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Perchlorate Conference Discussed Risks, Regulation and Treatment

One-day Conference on Perchlorate at UC Riverside Discussed Risks, Regulation and Treatment

Senator Barbara Boxer was Keynote Speaker

(August 8, 2003)

Senator Barbara Boxer was the keynote speaker at a one-day scientific conference at UC Riverside focusing on perchlorate.  (Photo credit: M. Elderman.)

Senator Barbara Boxer was the keynote speaker at a one-day scientific conference at UC Riverside focusing on perchlorate. (Photo credit: M. Elderman.)

RIVERSIDE, Calif. -- ( -- UC Riverside hosted on its campus a one-day scientific conference on August 7, 2003, to discuss perchlorate, including its risks, regulation and treatment. U.S. Senator Barbara Boxer, a longtime fighter for the environment, delivered the keynote address. She emphasized that investing in cleanup efforts today will cost far less than it will in the future.

Perchlorate, a naturally occurring and man-made chemical, is a powerful thyroid toxin that can affect the thyroid’s ability to take up the essential nutrient iodide and make thyroid hormone. While human health effects of perchlorate are still under study, small disturbances in thyroid hormone levels during pregnancy are understood to cause lowered IQ; larger disturbances can cause mental retardation, loss of hearing and speech, or deficits in motor skills for infants and children.

“UC Riverside hosted the conference because of the local impact of perchlorate on the drinking water wells in the Inland Empire,” said William Frankenberger, professor of soil science and soil microbiology in the department of environmental sciences at UC Riverside, who was instrumental in putting together the conference. “Moreover, the university is conducting cutting-edge research on the remediation of perchlorate in groundwater.”

First manufactured extensively in the 1940s, perchlorate is used in solid rocket propellant, explosives, fireworks, road flares, matches and car airbags. Perchlorate was discovered in the environment in California and Nevada in the 1980s. Since 1997, with development of a new ion chromatography analytical method that detects perchlorate at 4 parts per billion (ppb) or below, contamination of ground or surface water has been confirmed in at least 20 states.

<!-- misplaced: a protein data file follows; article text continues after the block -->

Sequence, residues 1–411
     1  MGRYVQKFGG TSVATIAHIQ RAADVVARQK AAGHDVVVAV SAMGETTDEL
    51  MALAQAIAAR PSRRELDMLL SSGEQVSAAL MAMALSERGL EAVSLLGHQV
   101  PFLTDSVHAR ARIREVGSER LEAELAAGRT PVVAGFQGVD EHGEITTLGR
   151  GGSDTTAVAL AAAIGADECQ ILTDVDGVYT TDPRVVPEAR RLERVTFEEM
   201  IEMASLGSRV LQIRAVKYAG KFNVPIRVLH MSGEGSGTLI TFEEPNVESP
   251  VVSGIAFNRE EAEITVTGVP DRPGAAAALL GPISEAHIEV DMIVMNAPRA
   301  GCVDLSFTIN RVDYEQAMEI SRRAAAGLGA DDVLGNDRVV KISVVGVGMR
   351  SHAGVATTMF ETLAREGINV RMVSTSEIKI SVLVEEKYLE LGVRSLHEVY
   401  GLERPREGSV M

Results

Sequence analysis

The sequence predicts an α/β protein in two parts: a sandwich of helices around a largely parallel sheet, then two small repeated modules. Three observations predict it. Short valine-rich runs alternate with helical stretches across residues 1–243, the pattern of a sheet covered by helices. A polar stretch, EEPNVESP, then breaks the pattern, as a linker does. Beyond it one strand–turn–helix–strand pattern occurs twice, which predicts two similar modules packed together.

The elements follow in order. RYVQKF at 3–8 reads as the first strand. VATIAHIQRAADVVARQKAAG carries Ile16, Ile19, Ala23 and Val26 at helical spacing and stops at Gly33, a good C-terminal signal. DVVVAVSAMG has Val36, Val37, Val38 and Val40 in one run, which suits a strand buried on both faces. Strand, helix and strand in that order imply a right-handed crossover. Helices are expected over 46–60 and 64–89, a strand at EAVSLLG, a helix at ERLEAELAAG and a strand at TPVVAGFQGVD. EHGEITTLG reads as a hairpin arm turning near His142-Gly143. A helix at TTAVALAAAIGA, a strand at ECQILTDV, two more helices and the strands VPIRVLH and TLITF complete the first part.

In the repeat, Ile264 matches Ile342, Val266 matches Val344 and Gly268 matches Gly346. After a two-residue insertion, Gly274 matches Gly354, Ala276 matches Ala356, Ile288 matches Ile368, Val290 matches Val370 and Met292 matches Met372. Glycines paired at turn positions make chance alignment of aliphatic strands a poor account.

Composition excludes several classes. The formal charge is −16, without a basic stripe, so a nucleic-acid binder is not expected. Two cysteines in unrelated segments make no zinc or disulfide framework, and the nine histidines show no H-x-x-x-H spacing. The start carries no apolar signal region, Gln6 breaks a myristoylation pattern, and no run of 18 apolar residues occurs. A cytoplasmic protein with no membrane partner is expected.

With 16 known sources of perchlorate releases to the environment, California is particularly hard hit. To date, perchlorate has been detected in 319 wells throughout the state. Of these, 78 are in San Bernardino County, 52 in Riverside County, and 25 in Orange County. Further, two release sites in Nevada have resulted in perchlorate contamination of the Colorado River, which provides drinking and irrigation water serving more than 20 million people in California, Arizona, and Nevada. Of immediate concern to growers irrigating their crops with Colorado River or other contaminated water is the potential uptake of perchlorate by crops, including vegetables and hay.

In April 2003, perchlorate was reported in lettuce grown in the Imperial Valley and irrigated by Colorado River water. This, combined with findings in public water supplies in California ranging from 12 to 811 ppb, has caused concern among policy makers, regulators, and the public.

With its long tradition of agricultural research and outreach, UC Riverside is well equipped to respond to the needs of the agricultural industry on issues relating to perchlorate uptake by crops; best management practices, including irrigation; and, in the longer term, development of resistant crops. A major part of UC Riverside’s agricultural mission is environmental and natural resource management. The campus offers a depth of expertise for dealing with issues related to risk assessment, fate and transport of perchlorate through soil and water, ecosystem impacts, and bioremediation.

Recently, UC Riverside scientists came together under the auspices of the university’s Center for Technology Development (CTD) to develop a research and action plan for dealing with perchlorate. With UC Riverside’s proximity to the Imperial Valley and heavily impacted areas in the Inland Empire, the CTD can respond quickly and effectively to the challenges of perchlorate contamination.

Topics of discussion at the conference included human and ecological exposure impacts, regulatory frameworks, remediation challenges, treatment technologies, and safe drinking water standards.